Government policy making housing crisis worse, expert claims
UCD academic Orla Hegarty says Goverment ‘policy tweaks’ is fuelling land speculation
Minister for Finance Paschal Donohoe and Minister for Housing, Planning & Local Government Eoghan Murphy at the launch of the establishment of the Land Development Agency. Photograph: Gareth Chaney/Collins
Government policy is fuelling further land speculation and making the housing crisis worse, a leading housing expert has warned.
And making policy tweaks “here and there”, as the Government was doing, simply generated windfall profits for certain developers while diverting resourcing into specific areas, often with unintended consequences.
Addressing the annual conference of the Dublin Economics Workshop in Co Wexford on Saturday, Ms Hegarty said the Government’s policy to promote more student housing, for instance, had merely “hiked up” site values, making it too expensive to build traditional apartments, which had resulted in more lopsided development.
She also claimed that relaxing height restrictions for city centre developments, seen by many as key to addressing demand in Dublin and other urban areas, would not necessarily lead to more apartments, noting the high-rise parts of other cities, such as Sydney, were populated with office blocks and hotels, and not residential units.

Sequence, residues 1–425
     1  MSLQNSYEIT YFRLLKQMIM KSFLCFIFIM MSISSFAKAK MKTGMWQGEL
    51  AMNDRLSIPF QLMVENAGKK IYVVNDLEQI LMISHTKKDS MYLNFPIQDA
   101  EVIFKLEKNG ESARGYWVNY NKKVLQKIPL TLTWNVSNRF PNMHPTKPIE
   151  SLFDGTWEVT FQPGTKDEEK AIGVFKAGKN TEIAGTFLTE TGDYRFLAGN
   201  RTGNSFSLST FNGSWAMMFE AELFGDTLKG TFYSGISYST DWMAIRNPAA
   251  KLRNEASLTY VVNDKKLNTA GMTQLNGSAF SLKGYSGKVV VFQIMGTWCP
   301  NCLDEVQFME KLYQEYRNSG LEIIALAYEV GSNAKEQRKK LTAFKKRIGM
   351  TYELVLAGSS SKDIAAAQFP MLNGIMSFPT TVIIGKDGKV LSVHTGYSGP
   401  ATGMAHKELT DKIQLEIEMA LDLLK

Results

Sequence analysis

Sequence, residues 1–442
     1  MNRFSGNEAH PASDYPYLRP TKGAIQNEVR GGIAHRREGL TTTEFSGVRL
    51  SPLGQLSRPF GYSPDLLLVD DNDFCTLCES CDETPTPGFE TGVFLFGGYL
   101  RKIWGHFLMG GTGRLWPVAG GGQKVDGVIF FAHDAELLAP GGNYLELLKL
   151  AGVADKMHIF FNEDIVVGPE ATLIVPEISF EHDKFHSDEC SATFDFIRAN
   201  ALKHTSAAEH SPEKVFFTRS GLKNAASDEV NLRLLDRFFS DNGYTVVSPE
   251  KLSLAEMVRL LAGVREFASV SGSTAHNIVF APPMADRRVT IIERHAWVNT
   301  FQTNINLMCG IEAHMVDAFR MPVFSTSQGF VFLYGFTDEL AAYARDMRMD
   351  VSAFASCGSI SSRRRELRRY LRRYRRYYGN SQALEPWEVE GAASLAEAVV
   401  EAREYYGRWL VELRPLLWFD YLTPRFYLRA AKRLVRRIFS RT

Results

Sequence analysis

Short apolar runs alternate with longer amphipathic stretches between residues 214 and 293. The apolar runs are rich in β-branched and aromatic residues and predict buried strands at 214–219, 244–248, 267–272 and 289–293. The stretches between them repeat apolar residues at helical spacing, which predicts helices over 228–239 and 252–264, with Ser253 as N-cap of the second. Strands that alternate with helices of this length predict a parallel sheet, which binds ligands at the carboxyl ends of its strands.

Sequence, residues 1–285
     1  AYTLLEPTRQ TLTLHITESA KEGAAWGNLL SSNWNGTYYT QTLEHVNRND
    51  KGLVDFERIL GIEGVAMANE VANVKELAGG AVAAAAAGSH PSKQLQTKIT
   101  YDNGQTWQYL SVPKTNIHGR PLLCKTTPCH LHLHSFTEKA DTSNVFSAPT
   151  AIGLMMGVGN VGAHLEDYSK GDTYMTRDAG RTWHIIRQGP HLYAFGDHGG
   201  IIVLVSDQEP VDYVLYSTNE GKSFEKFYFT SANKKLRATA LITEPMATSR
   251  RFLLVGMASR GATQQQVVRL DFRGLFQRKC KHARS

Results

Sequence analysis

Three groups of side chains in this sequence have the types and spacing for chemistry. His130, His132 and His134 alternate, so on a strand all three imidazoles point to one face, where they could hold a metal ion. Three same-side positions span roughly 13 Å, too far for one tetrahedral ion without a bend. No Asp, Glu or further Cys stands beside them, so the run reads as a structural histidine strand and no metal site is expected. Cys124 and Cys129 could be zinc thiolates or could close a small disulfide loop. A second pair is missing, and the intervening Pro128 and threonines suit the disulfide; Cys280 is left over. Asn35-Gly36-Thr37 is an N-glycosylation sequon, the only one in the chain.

“There is an international machine that is in the business of residential development now, that has rolled into lots of cities, Dublin included, that is targeting the niche, high-yield product,”Ms Hegarty said. “And that is affecting the market, the land market hugely, and policy change around that is making the crisis worse.
‘More niche solutions’
By any measure, she said the housing crisis had got worse in the two years since the Government launched its landmark housing strategy, Rebuilding Ireland.
“So we have to question why that has happened and not persist with more tweaks and more niche solutions.”
Also addressing the conference was the Department of Housing’s Niall Cussen, who was instrumental in setting up the Government’s new Land Development Agency (LDA), which will be in charge of unlocking State-owned sites for residential development.
Initially up to 10,000 homes are planned on sites such as the 35-acre Central Mental Hospital in Dublin’s Dundrum suburb, he said, while the long-term goal is to facilitate the construction of 150,000 units.
Mr Cussen said the agency’s primary task would be co-ordinating appropriate State lands for regeneration and development as well as opening up key sites which are not being used effectively.
He said when the State faced similar housing crises in the past, huge social housing developments were built, often with negative consequences.
“We’re looking for a much more sophisticated housing delivery approach and strategy now,” he said, noting there would be a greater focus on reusing sites that are derelict.
He said the agency, which had an initial endowment of €1.25 billion, represented a major change in the Government’s involvement in the housing market.
The department, he said, would like to see a more ambitious approach by local authorities when it came to implementing the vacant site levy, which, he said, had the potential to be a game-changer.
On recent reports about tensions between the department and local authorities over housing, he said the department was not “throwing sand in the gearbox” of local authorities.
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